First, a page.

In one crisis, Dee suddenly began slurring her speech and drooling. Hours later, vision in her left eye started disappearing under what she described as a dark veil. A series of three ophthalmologists assessed the problem before determining she had bleeding inside the eye. This led to MS testing. Four tests, including an MRI and a spinal tap, all came back positive for MS, revealing 14 lesions on her brain at the time.

Mark describes a moment during one of Dee’s hospitalizations when he shifted from a negative attitude to a positive one that still guides the family.

Their challenges had hit him “like a punch to the gut,” he said. “Why us?” he thought. “Everything changed so fast. But then I thought, eventually we are going to get out of this hospital and go home. Things could be so much worse. With all the bad things that are happening to Dee, I don’t want to deal with my own negative attitude.”

That outlook has allowed the Champlins to absorb many changes in their lives as they cope with Dee’s health. Mark had been a self-employed truck driver but sold his semi and changed jobs to be near home after Dee had two health emergencies while he was on the road.

The couple moved from Nebraska to Lockport, N.Y., outside Buffalo, to live closer to their family for more support. Mark began working an overnight shift so he would be available to accompany Dee to medical appointments during the day.

They have both learned that MS produces good days and bad days. And on any given day, they know their plans may change, as Dee’s physical condition may vacillate from morning to afternoon.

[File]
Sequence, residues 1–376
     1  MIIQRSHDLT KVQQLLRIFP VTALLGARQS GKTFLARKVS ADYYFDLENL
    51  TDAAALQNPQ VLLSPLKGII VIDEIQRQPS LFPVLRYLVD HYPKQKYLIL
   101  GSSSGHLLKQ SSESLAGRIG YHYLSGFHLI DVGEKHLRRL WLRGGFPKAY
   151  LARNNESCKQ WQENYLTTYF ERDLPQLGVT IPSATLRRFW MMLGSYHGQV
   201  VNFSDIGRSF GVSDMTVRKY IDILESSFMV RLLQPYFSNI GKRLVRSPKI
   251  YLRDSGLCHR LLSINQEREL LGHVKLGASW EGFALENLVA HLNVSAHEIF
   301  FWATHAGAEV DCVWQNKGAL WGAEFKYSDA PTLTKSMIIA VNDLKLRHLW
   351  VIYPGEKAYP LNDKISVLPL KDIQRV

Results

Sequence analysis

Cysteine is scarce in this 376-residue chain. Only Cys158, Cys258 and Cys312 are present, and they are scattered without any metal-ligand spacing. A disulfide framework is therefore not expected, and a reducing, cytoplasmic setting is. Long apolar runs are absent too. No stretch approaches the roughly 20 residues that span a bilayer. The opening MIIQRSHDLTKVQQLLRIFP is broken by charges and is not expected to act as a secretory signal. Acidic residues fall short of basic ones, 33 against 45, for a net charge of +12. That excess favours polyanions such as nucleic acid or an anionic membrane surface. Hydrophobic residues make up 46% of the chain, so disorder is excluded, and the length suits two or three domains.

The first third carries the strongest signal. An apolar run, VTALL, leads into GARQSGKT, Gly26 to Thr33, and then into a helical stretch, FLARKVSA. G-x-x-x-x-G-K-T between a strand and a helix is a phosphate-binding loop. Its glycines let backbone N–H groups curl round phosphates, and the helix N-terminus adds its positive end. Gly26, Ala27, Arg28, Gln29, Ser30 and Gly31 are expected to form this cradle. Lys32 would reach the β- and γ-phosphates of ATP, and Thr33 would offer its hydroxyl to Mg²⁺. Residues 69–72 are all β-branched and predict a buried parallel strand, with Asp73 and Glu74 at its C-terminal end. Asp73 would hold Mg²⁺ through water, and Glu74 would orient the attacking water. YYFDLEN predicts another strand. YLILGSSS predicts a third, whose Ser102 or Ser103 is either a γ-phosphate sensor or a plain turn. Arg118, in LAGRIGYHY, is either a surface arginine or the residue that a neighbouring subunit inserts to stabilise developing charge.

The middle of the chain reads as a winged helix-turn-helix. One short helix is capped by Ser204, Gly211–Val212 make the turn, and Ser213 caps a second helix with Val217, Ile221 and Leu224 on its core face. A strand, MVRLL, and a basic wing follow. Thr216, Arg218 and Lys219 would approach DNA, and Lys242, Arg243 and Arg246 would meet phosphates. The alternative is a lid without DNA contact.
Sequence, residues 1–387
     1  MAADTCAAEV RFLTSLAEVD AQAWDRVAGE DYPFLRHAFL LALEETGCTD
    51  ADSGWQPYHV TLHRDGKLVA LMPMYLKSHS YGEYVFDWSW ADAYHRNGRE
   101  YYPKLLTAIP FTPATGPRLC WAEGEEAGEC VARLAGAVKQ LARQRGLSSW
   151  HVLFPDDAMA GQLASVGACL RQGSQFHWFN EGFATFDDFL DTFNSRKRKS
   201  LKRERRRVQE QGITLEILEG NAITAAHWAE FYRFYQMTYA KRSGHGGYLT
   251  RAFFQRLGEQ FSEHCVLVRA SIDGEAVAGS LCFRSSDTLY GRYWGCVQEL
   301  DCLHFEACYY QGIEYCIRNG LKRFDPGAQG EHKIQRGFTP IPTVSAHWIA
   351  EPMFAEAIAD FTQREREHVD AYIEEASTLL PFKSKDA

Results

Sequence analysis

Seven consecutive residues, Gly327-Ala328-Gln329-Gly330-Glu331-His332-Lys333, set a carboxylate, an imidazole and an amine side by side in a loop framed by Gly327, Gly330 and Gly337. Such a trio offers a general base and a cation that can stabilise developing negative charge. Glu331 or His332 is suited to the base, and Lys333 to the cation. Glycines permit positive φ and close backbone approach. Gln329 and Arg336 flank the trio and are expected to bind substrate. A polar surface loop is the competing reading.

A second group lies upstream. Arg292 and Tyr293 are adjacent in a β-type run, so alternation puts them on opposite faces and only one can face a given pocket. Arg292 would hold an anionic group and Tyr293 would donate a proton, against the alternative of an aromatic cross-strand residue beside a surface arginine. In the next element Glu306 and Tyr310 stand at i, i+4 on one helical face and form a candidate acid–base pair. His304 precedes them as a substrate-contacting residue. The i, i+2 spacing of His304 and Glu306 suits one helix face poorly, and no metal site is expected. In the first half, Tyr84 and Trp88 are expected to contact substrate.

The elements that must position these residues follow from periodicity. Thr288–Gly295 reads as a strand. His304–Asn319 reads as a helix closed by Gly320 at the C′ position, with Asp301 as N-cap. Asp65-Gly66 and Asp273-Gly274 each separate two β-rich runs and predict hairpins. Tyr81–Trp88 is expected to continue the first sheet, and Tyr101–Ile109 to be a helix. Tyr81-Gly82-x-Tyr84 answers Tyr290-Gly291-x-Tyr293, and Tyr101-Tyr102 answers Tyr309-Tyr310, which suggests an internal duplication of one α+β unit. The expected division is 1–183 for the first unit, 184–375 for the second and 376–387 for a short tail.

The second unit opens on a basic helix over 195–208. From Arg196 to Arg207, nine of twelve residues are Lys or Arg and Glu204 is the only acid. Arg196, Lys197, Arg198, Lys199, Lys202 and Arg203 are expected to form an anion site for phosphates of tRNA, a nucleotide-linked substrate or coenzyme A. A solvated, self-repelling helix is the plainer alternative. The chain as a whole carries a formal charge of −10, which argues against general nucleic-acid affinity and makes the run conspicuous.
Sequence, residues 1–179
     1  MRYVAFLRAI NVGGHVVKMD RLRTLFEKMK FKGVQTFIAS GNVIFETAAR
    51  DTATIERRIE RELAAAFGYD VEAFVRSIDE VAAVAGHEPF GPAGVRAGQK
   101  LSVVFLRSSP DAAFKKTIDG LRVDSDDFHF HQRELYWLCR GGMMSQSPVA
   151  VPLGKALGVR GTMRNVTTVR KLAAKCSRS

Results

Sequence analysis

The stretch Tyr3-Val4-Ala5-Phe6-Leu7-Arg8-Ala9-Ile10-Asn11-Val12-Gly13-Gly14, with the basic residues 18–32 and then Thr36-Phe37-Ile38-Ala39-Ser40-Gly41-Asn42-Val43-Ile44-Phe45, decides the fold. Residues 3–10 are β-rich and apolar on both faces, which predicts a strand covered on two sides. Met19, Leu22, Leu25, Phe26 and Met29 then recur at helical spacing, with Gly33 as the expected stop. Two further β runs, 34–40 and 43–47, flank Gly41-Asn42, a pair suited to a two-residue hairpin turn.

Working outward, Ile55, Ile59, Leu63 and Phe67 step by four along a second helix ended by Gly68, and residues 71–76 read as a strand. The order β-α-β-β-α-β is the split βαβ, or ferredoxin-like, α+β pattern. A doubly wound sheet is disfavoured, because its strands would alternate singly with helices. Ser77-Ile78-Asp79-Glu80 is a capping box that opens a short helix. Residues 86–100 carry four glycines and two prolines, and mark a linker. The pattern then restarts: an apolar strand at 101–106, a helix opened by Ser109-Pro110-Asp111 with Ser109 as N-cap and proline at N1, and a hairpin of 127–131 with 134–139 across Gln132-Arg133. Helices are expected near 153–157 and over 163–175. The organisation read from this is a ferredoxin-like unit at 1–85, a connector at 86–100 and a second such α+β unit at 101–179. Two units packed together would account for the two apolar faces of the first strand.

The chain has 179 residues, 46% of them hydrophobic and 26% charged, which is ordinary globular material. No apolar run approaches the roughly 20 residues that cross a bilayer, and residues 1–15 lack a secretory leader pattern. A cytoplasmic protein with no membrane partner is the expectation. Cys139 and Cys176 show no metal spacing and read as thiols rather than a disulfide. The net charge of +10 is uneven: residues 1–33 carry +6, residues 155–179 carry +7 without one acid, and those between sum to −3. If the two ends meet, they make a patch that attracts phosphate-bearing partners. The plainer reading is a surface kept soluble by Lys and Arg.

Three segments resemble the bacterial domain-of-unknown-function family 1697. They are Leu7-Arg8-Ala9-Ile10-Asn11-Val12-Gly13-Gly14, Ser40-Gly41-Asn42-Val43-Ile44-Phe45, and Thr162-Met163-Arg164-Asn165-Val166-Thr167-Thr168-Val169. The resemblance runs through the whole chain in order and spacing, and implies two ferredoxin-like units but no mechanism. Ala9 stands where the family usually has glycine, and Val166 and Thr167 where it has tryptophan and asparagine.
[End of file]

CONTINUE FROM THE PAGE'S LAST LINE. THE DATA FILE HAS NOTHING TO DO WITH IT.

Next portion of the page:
Their sons, ages 7 and 2 when Dee’s illness was finally diagnosed, have adapted too. They pitch in at home, help out with laundry and even endure a dreaded chore — washing dishes — when their mom needs it. Their parents are attentive to addressing the boys’ concerns about Dee. They speak openly with them, but still encourage their kids to truly be kids with as normal a life as possible.

The Champlins’ latest rebound was receiving a HealthWell grant that allowed Dee to resume treatment with the only MS medication that has ever made a difference for her. Earlier, after two years of this treatment with daily injections, she received a letter from her insurance provider saying her drug costs had already exceeded the plan’s lifetime maximum. The letter concluded with this line: The cost outweighs the benefits.  “I’ll never forget that as long as I live,” Mark said.

Despite the complex and intensive medical care Dee has been through, the family takes comfort in knowing that Dee’s form of MS is not fatal and that they can continue fighting it. Returning to a previously effective drug should give Dee a better quality of life.

“So many find out they have a disease that gives them literally weeks or months to live,” Mark said. “They don’t get the ‘opportunity’ to push their loved one around in a wheelchair for the next 30 years. Luckily, I do!”

 

Are Patients Talking and Are Doctors Listening?

Rheumatologist Daniel J. Wallace, M.D., who has treated more than 2,000 people with lupus, holds what he calls a counseling session with each patient he diagnoses with the disease. As he writes in his book, The Lupus Book, he uses these sessions to educate patients about their illness and explain their treatment. This step, he writes, is essential to establishing a good long-term relationship with a new patient.